…stops night buses
The Senegalese government on Tuesday, January 10th, decided to ban night buses between towns and villages in the country after the death toll in a weekend head-on crash led to the death of 40.
The importation of used tyres from abroad was also outlawed in a list of measures announced by the government after one of the worst road disasters for years, caused by a burst tyre.
More than 100 people were also injured when two buses collided in the early hours of Sunday, January 8th, in an arterial road 250 kilometres (155 miles) from the capital in the central Kaffrine region.
The death toll rose to 40 after one of the injured died late on Monday evening during a transfer to a hospital in Dakar, a government statement said.
The accident was blamed on a burst tyre and raised a flood of criticism against the official failure to impose the rules of the road and ensure vehicles are properly maintained.
Prime Minister Amadou Ba convened an inter ministerial council on Monday where transporters, drivers, insurers and security services agreed on measures to be taken to prevent such tragedies from occurring in the future.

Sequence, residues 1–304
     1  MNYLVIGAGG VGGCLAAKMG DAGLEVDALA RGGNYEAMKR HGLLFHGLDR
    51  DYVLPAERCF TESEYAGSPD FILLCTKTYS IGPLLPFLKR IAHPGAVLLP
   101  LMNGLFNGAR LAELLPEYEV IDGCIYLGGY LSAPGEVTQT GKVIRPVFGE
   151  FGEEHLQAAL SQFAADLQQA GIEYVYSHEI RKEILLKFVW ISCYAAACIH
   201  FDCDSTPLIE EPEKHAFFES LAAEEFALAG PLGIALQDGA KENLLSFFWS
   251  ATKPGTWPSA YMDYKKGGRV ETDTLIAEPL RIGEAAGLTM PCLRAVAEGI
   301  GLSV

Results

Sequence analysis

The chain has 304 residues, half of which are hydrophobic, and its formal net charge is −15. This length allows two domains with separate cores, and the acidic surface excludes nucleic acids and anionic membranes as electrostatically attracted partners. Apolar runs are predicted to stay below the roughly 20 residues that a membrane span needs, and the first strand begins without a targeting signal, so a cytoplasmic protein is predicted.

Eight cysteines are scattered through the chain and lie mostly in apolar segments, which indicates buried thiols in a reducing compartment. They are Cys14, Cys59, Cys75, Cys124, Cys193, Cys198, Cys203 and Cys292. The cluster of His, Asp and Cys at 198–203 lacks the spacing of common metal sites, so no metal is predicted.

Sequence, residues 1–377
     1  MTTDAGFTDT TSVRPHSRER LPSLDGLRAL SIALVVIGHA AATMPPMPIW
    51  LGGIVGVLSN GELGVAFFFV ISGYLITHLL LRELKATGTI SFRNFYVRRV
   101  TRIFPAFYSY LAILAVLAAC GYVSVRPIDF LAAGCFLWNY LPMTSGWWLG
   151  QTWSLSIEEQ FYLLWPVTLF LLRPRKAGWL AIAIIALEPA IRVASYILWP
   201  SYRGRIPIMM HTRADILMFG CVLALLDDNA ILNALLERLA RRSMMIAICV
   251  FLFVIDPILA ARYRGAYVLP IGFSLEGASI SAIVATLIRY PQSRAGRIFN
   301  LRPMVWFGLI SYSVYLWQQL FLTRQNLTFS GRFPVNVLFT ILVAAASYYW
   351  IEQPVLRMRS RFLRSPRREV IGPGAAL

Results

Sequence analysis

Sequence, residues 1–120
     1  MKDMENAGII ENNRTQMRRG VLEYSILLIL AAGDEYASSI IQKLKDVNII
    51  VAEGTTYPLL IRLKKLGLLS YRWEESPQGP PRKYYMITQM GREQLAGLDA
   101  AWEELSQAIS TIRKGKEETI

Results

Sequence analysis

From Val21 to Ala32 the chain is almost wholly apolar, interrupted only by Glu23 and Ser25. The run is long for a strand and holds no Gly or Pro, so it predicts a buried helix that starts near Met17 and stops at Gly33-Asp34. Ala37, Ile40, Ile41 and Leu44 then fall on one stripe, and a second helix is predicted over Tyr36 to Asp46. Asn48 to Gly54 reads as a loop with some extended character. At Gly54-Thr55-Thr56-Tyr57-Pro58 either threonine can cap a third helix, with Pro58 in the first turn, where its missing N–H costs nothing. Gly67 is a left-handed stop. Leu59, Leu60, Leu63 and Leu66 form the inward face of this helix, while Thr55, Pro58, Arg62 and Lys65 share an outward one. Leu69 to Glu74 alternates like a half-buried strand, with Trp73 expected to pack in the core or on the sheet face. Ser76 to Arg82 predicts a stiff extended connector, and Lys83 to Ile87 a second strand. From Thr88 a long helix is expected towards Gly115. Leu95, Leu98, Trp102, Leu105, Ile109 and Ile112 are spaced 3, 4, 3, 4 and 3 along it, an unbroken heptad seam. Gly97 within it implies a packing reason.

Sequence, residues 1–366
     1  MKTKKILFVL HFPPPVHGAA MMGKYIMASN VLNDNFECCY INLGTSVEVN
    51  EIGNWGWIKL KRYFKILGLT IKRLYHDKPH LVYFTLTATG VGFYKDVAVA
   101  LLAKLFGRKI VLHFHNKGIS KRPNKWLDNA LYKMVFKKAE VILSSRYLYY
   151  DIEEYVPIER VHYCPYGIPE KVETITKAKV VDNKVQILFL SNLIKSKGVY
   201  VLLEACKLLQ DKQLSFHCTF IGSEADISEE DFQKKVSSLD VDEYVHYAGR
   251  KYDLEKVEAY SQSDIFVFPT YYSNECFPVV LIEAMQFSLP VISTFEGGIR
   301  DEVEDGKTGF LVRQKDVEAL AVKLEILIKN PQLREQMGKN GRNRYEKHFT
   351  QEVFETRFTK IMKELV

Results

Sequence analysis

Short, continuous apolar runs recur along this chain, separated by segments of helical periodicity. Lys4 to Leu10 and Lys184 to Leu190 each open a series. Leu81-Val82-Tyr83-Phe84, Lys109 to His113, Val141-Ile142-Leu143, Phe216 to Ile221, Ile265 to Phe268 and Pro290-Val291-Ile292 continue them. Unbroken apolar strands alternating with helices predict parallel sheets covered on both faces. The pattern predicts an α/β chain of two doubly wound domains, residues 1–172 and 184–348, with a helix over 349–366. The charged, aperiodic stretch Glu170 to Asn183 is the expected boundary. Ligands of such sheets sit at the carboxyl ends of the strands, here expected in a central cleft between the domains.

Minibuses as well as buses carrying goods and not just passengers will be banned on the roads between 11 pm and five am.
The engines of vehicles transporting goods and people will also be limited to 90 kilometres per hour (56 mph).
Prime Minister Ba vowed the new rules would be enforced, “without delay or compromise”.
“We will show no concession to those who contravene the rules decided to guarantee the physical integrity of our citizens,” he said.
Road accidents are common in the west African country, largely because of driver error, poor roads and decrepit vehicles, experts have revealed. Though the latest disaster has caused one of the heaviest losses of life from a single incident in recent years.
According to the World Bank, the mortality rate on Senegal’s roads is 24 for every 100,000 inhabitants out of a population of 17 million.
It is six per 100,000 in the European Union and two in Switzerland, while sub-Saharan Africa records a mortality rate of 27.
The government announced three days of national mourning from Monday, with flags flown at half-mast throughout the nation.